The Nigerian naira fell to its lowest level against the dollar in three years on the black market on Tuesday, traders said, a day after a historic oil price rout pushed U.S. crude futures below zero.
The naira touched 420 per dollar on the black market, for the first time since February 2017, 14% weaker than the official market rate.
The currency has been hitting new lows on the over-the-counter spot and black markets on thin volumes since last month after the central bank adjusted the naira’s official rate, implying a 15% devaluation. It was quoted at a low of 388.92 on the spot market on Tuesday.
A lockdown of Nigeria’s main cities this month to stop the spread of the coronavirus has slowed activities in the economy and the currency market particularly with the central bank running scanty operations and traders working from home. A crash in oil prices will also hurt the oil-producing country.
“It’s all about the corona pandemic and until the lockdown is lifted, we don’t expect improvement in liquidity,” one trader said.
Nigeria has reported 665 cases of the coronavirus and 22 deaths, the country’s Centre for Disease Control said on Monday.
The naira also weakened on the forward market. One-year dollar/naira non-deliverable forwards stood at 498.5 points, weakening from Monday’s close of 492.4, Refinitiv data showed.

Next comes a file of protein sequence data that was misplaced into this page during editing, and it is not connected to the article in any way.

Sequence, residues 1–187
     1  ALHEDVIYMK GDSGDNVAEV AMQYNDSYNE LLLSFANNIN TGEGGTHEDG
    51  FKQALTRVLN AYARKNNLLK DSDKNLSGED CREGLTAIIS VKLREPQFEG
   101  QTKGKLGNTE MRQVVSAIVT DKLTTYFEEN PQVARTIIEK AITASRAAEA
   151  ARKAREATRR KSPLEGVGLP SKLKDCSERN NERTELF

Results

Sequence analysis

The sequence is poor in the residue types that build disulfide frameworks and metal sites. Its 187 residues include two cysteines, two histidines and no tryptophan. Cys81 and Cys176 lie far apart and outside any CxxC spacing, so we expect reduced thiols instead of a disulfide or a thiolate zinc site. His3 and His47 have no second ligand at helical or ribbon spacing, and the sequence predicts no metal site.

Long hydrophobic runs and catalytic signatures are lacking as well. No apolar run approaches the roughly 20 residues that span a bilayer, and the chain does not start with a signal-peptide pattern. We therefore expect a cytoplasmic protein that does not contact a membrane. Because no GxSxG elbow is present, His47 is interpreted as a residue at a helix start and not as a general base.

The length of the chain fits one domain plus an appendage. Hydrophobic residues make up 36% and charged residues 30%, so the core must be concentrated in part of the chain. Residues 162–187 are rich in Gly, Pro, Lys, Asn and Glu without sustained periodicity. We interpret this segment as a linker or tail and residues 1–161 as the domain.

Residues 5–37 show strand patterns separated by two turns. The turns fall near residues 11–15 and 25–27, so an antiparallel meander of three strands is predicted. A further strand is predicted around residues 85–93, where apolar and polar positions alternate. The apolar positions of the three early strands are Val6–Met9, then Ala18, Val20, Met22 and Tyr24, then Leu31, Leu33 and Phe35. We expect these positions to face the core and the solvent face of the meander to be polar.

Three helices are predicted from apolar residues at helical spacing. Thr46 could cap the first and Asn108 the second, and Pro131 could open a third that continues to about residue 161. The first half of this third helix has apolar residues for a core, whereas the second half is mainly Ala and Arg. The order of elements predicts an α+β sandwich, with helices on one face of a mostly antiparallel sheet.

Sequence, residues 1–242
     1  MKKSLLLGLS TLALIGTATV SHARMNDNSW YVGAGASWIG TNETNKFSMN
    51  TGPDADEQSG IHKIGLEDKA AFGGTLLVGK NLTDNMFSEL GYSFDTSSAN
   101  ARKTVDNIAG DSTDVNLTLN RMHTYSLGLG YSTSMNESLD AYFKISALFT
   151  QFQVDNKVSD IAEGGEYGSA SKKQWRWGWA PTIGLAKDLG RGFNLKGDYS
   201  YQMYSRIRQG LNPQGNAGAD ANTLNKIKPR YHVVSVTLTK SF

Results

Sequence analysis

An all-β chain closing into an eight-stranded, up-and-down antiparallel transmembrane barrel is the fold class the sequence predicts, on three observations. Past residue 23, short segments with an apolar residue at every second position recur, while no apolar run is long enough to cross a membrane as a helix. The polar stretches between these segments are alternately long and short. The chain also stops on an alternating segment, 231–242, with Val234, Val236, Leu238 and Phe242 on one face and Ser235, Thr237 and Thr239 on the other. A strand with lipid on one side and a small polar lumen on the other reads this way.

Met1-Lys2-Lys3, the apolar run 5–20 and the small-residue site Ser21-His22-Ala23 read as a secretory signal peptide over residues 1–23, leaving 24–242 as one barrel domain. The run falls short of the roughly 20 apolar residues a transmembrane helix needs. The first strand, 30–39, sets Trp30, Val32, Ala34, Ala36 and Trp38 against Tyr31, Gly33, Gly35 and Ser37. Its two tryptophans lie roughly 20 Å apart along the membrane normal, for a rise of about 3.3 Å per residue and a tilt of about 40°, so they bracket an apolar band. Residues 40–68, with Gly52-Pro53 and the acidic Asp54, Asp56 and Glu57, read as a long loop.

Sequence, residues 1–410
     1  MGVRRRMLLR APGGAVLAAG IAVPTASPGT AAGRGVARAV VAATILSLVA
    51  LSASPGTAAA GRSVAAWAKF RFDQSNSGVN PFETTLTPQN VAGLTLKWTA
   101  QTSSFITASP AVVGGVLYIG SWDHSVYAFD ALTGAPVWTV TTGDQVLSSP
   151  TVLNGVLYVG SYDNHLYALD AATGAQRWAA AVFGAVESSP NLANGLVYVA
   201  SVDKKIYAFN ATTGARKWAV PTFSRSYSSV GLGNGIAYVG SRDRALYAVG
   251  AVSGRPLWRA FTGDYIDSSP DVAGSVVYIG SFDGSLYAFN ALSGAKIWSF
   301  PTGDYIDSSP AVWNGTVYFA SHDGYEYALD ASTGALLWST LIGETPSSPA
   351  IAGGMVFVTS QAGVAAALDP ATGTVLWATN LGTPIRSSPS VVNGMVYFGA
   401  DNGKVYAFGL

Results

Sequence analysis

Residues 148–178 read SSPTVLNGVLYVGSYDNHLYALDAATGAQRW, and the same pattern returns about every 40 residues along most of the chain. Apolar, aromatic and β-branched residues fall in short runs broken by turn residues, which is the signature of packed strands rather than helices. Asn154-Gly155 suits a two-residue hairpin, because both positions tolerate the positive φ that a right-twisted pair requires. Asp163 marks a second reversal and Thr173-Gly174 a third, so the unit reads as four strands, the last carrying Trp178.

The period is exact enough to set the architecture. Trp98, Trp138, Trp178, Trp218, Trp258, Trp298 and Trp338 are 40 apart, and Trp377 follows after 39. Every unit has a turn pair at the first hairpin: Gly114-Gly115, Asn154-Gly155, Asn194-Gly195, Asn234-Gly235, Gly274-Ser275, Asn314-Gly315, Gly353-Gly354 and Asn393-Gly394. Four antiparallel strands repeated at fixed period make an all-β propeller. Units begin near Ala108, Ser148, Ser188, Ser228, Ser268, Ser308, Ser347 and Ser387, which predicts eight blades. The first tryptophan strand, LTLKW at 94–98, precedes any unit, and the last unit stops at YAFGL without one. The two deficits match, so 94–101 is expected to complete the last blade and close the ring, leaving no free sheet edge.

Dollar demand has been swelling and piling up pressure on the naira, traders said. Importers with past due obligation are scrambling for hard currency while providers of foreign exchange such as offshore investors have exited.
U.S. oil futures traded in negative territory for the second day on Tuesday, after diving below zero for the first time ever on Monday, as concerns grew that the United States will run out of storage space for oil as the coronavirus lockdown leads to a supply glut.
Global benchmark Brent crude also fell sharply in response to the collapse of demand following reduced economic activity. June delivery was down $5.25, or 21% at $20.32 per barrel.
Nigerian crude is benchmarked to Brent. The West African country has been discounting its oil cargoes to find buyers, which could hurt public spending and its dollar earnings.